Below you will find a guide to the prescribed films for junior cycle English for the student cohorts commencing Junior Cycle in 2021, 2022 and 2023, including a synopsis, themes and the film trailer.
* Please note the following films are available to rent or buy on several platforms and websites.
As the Voyager probes leave Earth’s solar system, this beautifully shot documentary charts the Voyager 1 and 2 missions of the late 1970's from conception to launch and then examines what has been learned through their voyages across interstellar space.
As part of the mission, astronomer Carl Sagan oversaw the production of a gold record that would provide a snapshot of humanity should the probes be discovered by an alien race. The record contains over two hours of material including music, greetings in different languages and data on humanity and Earth.
Setting: The documentary features contemporary and archival footage and interviews of those involved with of the launch and monitoring of the Voyager probes
Genre: Scientific documentary
Some Themes: Human endeavour, exploration, communication, curiosity and the pursuit of knowledge, science and technology
The official NASA website of Voyager 1
[2018 - Running Time: 1hr 56mins]
Bitten by a radioactive spider in the subway, Brooklyn teenager, Miles Morales, suddenly develops mysterious powers that transform him into the one and only Spider-Man. When he meets Peter Parker, he soon realizes that there are many others who share his special, high-flying talents. Miles must now use his newfound skills to battle the evil Kingpin, a hulking madman who can open portals to other universes and pull different versions of Spider-Man into our world.
Setting: Brooklyn, New York City – however, it is also set in the Marvel Multiverse, a collection of alternate universes where Miles Morales lives on Earth-1610.
Genre: Superhero sci-fi
Some Themes: Resilience, good versus evil, relationships, friendships, family life
Q&A with the cast
Q&A with the directors
Adapted from a stage play, the film, shot in black and white, centres on badly disfigured John Merrick, ‘elephant man,’ who was born with a congenital disorder. He is rescued from performing as a freak in a fairground show, by Dr. Treves who brings him to hospital. Treves introduces Merrick to Dr Carr-Gomm and Merrick lives in the hospital as the medics try to help him. Initially, he doesn’t speak and wears a hood over his head to hide his deformity. He is introduced to London society and befriends an actress Madge Kendal but is then kidnapped by the fairground owner and taken on a tour of Europe performing again as a freak. He manages to return to London but his health worsens and his condition deteriorates. The film stars John Hurt, Anthony Hopkins, Anne Bancroft, John Gielgud and Wendy Hiller amongst others.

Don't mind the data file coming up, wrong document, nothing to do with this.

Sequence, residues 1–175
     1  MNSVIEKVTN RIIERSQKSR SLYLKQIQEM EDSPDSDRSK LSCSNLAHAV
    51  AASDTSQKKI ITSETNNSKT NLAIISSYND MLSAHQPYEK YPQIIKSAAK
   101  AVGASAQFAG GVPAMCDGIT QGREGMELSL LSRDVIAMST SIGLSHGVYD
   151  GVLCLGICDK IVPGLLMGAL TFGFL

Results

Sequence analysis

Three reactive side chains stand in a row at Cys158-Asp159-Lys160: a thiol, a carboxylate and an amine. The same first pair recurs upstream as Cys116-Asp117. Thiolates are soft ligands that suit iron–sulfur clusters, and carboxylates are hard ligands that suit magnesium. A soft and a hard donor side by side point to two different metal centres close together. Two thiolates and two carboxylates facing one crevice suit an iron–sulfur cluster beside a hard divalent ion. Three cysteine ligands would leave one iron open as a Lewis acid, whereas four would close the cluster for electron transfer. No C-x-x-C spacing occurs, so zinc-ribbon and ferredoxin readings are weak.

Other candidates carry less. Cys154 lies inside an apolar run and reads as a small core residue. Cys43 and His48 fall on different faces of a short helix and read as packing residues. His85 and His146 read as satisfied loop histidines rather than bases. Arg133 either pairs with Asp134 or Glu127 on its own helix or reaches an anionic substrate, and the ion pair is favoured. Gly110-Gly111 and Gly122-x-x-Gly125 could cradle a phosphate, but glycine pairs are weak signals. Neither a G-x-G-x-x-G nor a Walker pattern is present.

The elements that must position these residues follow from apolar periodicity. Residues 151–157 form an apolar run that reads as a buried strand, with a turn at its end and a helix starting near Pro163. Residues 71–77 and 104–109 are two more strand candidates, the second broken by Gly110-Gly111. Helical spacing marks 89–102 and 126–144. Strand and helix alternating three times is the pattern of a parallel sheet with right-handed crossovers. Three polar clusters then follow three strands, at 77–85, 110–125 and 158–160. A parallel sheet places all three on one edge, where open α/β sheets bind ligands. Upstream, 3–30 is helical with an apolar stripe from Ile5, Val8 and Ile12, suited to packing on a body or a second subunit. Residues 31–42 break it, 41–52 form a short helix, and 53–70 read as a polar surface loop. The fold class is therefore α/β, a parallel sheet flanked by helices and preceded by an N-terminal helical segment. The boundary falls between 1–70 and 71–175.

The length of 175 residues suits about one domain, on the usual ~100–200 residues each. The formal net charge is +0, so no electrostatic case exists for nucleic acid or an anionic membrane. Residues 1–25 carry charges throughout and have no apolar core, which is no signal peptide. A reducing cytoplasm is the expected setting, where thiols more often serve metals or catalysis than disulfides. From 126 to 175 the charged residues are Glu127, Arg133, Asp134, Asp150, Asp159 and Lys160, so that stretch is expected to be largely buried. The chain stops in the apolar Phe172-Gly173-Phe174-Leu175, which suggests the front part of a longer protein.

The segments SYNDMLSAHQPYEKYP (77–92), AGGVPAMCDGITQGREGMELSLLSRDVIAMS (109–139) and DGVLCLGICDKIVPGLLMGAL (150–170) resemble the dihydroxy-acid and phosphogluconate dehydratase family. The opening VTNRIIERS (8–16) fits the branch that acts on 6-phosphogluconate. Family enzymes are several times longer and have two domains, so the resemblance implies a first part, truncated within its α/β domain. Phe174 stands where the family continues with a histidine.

Setting: Late 19th century London
Genre: Historical drama
Some Themes: Good versus evil, love, dark versus light, disability
Interview with the director, David Lynch
Guy, a tennis star and fledgling politician and Bruno, a recluse, meet for the first time on a train. Despite the contrast in characters, the two men hit it off and exchange life stories and commiserate over their domestic difficulties. Arising from the conversation, Bruno makes a shocking suggestion: murdering the difficult, awkward person in the other person’s life. Since both men are strangers, no one, suggests Bruno, will suspect the other, of the crime. Guy does not take the conversation seriously, and when the two men part, he is sure he will never hear from Bruno again. Bruno, however, believes the men have an agreement and proceeds to kill Guy’s wife. Bruno believes Guy should now uphold his end of the bargain.
Setting: The train, amusement parks, the Mortons’ home
Some Themes: Relationships, light and dark, appearances, double lives, fear, deceit, social structures, politics
Film guide from Intofilm
The latest film version of the classic novel from Louisa May Alcott is heart-warming. Told in the present, and in flashbacks to the past, it centres on the lives of the March family. In the years after the American Civil War, Jo March lives in New York City as a writer, while her sister Amy March studies painting in Paris. There, Amy has a chance encounter with Theodore "Laurie" Laurence, a childhood crush who proposed to Jo many years ago. Their eldest sibling, Meg, is married to a schoolteacher, while shy sister, Beth, develops a devastating illness that brings the family back together once again.
Setting: Concord, MA and New York City, USA
Genre: Period melodrama
Some Themes: Friendship, love, relationships, overcoming adversity, family, the role of women/gender roles
Interview with the cast (courtesy of CinemaBlend)
Adventure, Comedy, Family - A fairy tale adventure about a beautiful young woman and her one true love. He must find her after a long separation and save her. They must battle the evils of the mythical kingdom of Florin to be reunited with each other. Based on the William Goldman novel The Princess Bride which earned its own loyal audience.
Setting: The fictional medieval Kingdom of Florin
Genre: Romantic adventure
Some Themes: Love, betrayal, revenge, courage, good versus evil
Dedicated film website - https://www.princessbrideforever.com/